Trepanation - an ancient, highly risky head trauma treatment involving drilling or scraping a hole in the skull
Trepanation - an ancient, highly risky head trauma treatment involving drilling or scraping a hole in the skull. This 3,500BC skull of a girl who survived is on display at the Natural History Museum in Lausanne, Switzerland Rama, Wikimedia Commons

Russian scientists, anthropologists, archaeologists and neurosurgeons are trying to recreate 2,300-year-old brain surgery techniques after discovering skulls on the Altai Mountains in Siberia belonging to the ancient Pazyryk nomadic tribe.

The Pazyryk people were first mentioned by the Greek historian Herodotus in the 5th century BC. Their mummies have been found preserved in permafrost at an altitude of 2,500m in the Altai Mountains, together with belongings and some of the best ancient tattoos ever seen in the world.

According to the Siberian Times, archaeologists have discovered two ancient skulls that show clear evidence of recovery after undergoing a process called "trepanation".

Trepanation is a highly risky ancient medical treatment given to people suffering from head trauma, where a hole is drilled or surgically scraped into a human skull to treat problems, in particular to relieve cranial pressure when the brain swells due to a fall or other disease, although it may also have been mistakenly used to treat nervous system problems.

The tattoo of a horse on the left arm of Princess Ukok's mummy
Ancient Siberian mummies have some of the best tatoos ever seen. Pictured, the tattoo of a horse on the left arm of Princess Ukok, a mummy found in the Altai Mountains Siberian Times

Today, trepanation is still used, but is reserved as a treatment for epidural and subdural hematomas, or for eye surgery like corneal transplants.

"In the middle 19th century, the survival of patients after trepanation in the best hospitals in Europe rarely exceed 10%, which was associated with an extremely high risk of infectious complications, and this operation was committed only when patients had very severe traumatic brain injury," academics from the Institute of Archaeology and Ethnography of the Siberian Branch of Russian Academy of Sciences told the newspaper.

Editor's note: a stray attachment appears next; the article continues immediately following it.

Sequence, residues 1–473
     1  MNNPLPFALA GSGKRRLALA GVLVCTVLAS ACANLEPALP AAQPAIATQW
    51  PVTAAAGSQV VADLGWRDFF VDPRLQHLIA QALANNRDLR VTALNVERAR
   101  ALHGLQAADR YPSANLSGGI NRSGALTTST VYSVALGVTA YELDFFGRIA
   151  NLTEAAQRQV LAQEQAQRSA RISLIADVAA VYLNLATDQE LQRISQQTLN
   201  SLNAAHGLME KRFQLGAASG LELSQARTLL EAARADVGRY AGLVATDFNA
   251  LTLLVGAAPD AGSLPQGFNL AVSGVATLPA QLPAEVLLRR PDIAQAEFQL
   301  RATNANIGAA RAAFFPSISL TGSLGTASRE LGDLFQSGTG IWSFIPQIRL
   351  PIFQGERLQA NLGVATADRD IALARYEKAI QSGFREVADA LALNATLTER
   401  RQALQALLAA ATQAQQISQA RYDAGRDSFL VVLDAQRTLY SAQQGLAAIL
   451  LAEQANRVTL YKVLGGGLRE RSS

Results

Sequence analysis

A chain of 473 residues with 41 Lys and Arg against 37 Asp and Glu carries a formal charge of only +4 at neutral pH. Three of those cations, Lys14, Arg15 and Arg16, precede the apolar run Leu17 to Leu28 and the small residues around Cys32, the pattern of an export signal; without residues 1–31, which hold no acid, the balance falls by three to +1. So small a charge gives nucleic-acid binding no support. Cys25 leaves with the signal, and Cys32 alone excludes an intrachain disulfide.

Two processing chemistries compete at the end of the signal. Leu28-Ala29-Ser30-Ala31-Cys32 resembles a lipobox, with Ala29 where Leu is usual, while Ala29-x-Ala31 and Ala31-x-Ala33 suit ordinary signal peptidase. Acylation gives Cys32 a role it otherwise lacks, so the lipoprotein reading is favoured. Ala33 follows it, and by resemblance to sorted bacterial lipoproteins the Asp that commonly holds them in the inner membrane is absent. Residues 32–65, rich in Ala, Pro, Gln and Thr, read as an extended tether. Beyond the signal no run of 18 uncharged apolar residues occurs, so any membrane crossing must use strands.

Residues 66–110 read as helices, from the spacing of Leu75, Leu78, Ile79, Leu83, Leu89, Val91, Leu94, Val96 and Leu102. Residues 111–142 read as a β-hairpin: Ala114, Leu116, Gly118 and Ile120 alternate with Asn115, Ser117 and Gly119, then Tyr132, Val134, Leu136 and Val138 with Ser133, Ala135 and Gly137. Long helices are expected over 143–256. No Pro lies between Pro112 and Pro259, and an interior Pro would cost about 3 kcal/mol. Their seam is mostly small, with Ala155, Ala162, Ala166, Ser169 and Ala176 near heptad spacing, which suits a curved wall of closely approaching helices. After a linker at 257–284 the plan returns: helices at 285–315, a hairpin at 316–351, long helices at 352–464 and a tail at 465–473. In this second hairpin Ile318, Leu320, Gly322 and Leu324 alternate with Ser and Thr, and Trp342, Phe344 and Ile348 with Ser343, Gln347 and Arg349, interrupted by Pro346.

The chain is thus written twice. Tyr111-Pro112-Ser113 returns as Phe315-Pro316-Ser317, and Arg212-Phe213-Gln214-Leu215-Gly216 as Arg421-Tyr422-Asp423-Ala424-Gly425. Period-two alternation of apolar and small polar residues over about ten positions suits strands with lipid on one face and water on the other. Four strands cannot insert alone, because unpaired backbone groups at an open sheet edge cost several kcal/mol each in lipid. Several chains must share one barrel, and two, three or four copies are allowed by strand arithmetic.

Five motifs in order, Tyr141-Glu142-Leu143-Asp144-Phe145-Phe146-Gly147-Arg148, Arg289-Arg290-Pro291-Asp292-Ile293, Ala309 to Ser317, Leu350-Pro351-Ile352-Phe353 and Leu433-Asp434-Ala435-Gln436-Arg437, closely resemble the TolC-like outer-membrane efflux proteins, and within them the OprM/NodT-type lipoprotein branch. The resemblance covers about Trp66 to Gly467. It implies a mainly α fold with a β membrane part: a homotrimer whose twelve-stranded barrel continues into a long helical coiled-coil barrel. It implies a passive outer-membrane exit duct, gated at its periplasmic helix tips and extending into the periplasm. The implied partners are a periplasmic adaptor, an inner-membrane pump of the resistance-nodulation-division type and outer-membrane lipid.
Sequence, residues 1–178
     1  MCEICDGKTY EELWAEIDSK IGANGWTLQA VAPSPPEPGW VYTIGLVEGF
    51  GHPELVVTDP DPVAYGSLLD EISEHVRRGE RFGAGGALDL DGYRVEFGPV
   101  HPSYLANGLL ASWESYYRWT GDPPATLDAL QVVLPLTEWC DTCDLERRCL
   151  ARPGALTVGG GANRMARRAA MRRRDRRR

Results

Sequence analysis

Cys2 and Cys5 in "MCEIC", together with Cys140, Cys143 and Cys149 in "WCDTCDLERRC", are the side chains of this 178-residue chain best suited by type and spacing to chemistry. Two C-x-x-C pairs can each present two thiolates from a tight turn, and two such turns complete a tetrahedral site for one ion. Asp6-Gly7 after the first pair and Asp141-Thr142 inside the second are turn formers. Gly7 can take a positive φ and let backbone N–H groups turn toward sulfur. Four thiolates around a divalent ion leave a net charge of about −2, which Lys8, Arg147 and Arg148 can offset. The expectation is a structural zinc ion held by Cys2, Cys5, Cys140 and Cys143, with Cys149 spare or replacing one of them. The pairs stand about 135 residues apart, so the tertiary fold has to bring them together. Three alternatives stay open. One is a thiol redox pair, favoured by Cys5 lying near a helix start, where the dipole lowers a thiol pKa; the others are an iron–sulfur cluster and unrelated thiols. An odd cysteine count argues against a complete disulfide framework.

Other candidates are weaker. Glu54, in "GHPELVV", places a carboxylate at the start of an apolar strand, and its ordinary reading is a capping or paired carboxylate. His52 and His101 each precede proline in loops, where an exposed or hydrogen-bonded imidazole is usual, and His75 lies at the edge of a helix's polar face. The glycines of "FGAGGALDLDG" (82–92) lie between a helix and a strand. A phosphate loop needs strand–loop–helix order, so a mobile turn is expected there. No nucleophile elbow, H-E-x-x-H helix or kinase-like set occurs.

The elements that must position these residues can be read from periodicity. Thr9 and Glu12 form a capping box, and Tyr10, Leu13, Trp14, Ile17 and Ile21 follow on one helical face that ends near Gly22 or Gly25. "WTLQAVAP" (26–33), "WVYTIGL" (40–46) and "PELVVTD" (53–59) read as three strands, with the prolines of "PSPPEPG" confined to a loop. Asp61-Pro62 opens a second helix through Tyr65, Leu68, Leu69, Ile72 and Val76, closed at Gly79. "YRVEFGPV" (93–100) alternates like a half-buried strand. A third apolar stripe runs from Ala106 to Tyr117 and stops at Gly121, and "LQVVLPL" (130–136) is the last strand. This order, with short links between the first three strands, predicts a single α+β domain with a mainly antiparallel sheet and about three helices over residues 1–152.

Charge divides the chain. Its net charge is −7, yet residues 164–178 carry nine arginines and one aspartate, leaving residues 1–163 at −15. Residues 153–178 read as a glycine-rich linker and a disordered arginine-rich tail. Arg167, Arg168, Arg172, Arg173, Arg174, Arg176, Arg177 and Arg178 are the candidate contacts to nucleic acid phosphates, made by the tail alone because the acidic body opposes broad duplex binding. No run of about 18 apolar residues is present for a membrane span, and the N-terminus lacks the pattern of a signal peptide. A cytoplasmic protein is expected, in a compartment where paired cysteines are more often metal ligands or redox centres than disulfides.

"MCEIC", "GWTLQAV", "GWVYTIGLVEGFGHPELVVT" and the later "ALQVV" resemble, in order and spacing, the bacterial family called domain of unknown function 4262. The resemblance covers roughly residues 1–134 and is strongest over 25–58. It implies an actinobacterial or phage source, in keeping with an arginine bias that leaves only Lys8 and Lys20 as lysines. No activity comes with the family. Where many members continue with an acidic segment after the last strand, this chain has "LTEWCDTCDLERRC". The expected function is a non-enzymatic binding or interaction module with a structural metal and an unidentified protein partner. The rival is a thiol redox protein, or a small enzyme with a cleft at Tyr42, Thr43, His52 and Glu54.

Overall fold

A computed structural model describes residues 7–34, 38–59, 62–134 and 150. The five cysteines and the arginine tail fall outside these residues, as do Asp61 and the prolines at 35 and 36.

"Even today, with advanced neurosurgical techniques, successful implementation of trepanation requires the serious knowledge and training, and the procedure itself is not considered as absolutely harmless."

Ancient brain surgeries

A CT scan of a subdural haematoma
A CT scan of a subdural haematoma, with arrows showing the blood pooling in the skull from trauma Glitzy queen00, Wikimedia Commons

In one case, the skull of a man who lived to the age of between 40-45 showed that he had suffered from head trauma to his left temporal and parietal bones and developed a subdural haematoma, where blood collects between the skull and the surface of the brain.

A small hole had been carefully made in the skull in a place that carefully avoided causing any further head injuries, about 1cm behind the cranial suture, which is an appropriate distance from the edge of the sagittal sinus, so the doctor clearly had a lot of knowledge about the structure of the brain and where to operate.

From the evidence of later bone growth in the man's skull, it is clear that he went on to live for many years after the surgery.

The other skull of a man meanwhile, showed evidence of a congenital defect from birth that an ancient surgeon had put right by drilling a hole.

The scientists think that the Pazyryk tribe may have had knowledge of the Hippocratic Corpus, a set of about 60 ancient Greek medical texts associated with the physician Hippocrates. The Pazyryk doctor's surgical work seems to be in strict accordance with Hippocrates' treatises.

Recreating ancient surgical tools

Hippocrates, a renowned ancient Greek physician
A bust of Hippocrates, a renowned ancient Greek physician. Pazyryk doctors in ancient Siberia might have had access to his texts on surgery shakko, Wikimedia Commons

The researchers have now scanned the two ancient skulls into a computer together with a third skull found of a woman, who they believe died from a botched trepanning brain surgery from around the same time period.

In almost all graves found in the Altai Mountains, people were buried together with bronze knives, which were clearly a vital tool in their lives.

The researchers have found traces of bronze in mass spectral analysis and X-ray fluorescence studies of the skull bone samples.

From looking at data about the way the holes were cut into the three skulls, neurosurgeons from the Federal Neurosurgical Centre in Novosibirsk are now working to recreate the surgical implements the ancient Pazyryk doctors might have used, and will attempt to replicate their brain surgeries on cadavers.

"Pazyryk culture did not leave any written sources, and that is why it is hard to understand clearly the motives of making such complicated surgery and the methods which were used by doctors," the researchers said.

"Modern neurosurgeons are sure that the manipulations of the head obviously were medical, not ritual, and were carried out by specialists who has some knowledge about the structure of the human body and its diseases."